Matters related thereto

Roy Morgan has spared the government a new set of poll results this week, presumably holding over last weekend’s face-to-face results for a combined two weeks’ result to be published next week. So here’s some stuff that has accumulated during my recent period of indolence:

• The federal parliament’s Joint Standing Committee of Electoral Matters brought down its report into the 2010 federal election a fortnight ago. One noteworthy innovation is a less pompous report title, “The 2010 Federal Election: Report on the conduct of the election and related matters” replacing the traditional formulation of “Report on the conduct of the (insert year) federal election and matters related thereto”. Antony Green summarises its recommendations here; now that my holidays are over I’ll shortly get around to reviewing it and will have more to say after I’ve fully absorbed it.

• One of the majority report’s recommendations was that the federal government follow the example of New South Wales and Victoria in allowing government records such as drivers licences, vehicle registration and Year 12 school enrolments to be used to automatically update the electoral roll. However, this is opposed in the dissenting JSCEM report from the committee’s Coalition members, for reasons I do not find persuasive. Antony Green has reviewed the impact of such measures in New South Wales since their introduction last year, observing that only 12 per cent of the 70,000 people whose enrolments have been added or updated have taken the trouble to enrol the old-fashioned way for the federal electoral roll. His conclusion: “On the evidence so far, by the time of the next commonwealth election in the second half of 2013, there could be as many as 200,000 voters enrolled for NSW elections and eligible to vote at commonwealth elections who will be missing from the commonwealth roll or be enrolled at the wrong address.”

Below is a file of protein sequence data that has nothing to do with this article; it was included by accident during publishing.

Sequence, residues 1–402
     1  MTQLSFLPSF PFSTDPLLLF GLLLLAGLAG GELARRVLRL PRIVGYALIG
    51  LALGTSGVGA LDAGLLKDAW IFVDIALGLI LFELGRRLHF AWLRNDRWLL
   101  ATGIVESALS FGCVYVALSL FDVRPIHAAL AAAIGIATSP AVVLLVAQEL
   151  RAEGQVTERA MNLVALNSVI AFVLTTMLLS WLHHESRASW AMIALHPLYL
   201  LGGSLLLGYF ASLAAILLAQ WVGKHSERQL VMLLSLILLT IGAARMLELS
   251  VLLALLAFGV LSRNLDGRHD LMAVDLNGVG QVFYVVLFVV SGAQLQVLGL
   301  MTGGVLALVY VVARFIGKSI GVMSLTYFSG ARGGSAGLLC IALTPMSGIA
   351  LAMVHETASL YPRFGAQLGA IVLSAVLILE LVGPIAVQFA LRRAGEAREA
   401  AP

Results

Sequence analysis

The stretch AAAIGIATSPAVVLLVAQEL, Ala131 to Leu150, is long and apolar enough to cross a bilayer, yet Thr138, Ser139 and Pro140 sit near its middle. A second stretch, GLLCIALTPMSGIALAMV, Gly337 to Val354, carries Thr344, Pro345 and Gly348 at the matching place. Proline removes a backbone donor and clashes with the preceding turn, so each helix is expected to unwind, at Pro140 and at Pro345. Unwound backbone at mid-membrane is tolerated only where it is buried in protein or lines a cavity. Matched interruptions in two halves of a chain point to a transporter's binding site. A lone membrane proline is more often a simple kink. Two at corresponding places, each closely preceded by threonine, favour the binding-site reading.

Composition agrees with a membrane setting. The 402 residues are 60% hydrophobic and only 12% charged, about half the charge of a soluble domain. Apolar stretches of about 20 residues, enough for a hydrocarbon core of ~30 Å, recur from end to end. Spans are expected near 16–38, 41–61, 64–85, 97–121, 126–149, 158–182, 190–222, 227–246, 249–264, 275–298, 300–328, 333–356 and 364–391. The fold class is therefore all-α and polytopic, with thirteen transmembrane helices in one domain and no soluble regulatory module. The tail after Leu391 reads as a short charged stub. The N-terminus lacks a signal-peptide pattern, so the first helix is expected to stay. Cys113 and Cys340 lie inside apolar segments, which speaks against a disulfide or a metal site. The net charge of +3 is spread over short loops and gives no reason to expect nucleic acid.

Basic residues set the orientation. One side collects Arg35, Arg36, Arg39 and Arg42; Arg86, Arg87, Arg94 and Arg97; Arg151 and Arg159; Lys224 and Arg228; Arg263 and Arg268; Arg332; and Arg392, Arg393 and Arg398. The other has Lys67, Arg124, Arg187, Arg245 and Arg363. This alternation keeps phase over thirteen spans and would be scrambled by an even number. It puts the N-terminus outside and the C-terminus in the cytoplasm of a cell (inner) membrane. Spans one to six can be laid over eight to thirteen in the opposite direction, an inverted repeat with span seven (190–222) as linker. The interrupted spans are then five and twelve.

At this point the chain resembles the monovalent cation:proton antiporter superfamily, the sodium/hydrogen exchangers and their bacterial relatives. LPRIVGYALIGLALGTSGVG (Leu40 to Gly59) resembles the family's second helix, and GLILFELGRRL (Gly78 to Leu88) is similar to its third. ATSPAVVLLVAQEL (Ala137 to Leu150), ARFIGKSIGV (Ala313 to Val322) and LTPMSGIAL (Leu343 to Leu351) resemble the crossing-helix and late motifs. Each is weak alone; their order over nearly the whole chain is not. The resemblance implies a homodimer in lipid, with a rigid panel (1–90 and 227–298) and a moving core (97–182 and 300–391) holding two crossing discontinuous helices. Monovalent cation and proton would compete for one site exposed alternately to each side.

• Draft electoral redistribution boundaries have recently been published for both our nation’s territory parliaments. Antony Green surveys the results for the Northern Territory here and the Australian Capital Territory here. An ACT redistribution would normally be of minor interest, as the territory is only divided into three electorates for purposes of a regionally based system of proportional representation, but Antony asserts that in this case the changes are radical enough to be of substantial interest, and in particular to put at risk the fourth seat the Greens won at the 2008 election. For the Northern Territory, Antony has calculated new margins for each of the 25 seats, with the caveat that the enormous sitting member factors which result from pocket-sized electorates of 4000 to 5000 voters make party-based margins less reliable than usual.

• There has been much talk lately about the possibility of an incoming Coalition government calling an early double dissolution election should it meet Senate resistance from its efforts to abolish a carbon tax. Tony Abbott’s argument to those concerned about the resulting uncertainty and expense is that opposing its repeal in the Senate would be politically suicidal for a defeated Labor Party, a case pursued by Queensland legal academic James Allan in The Australian.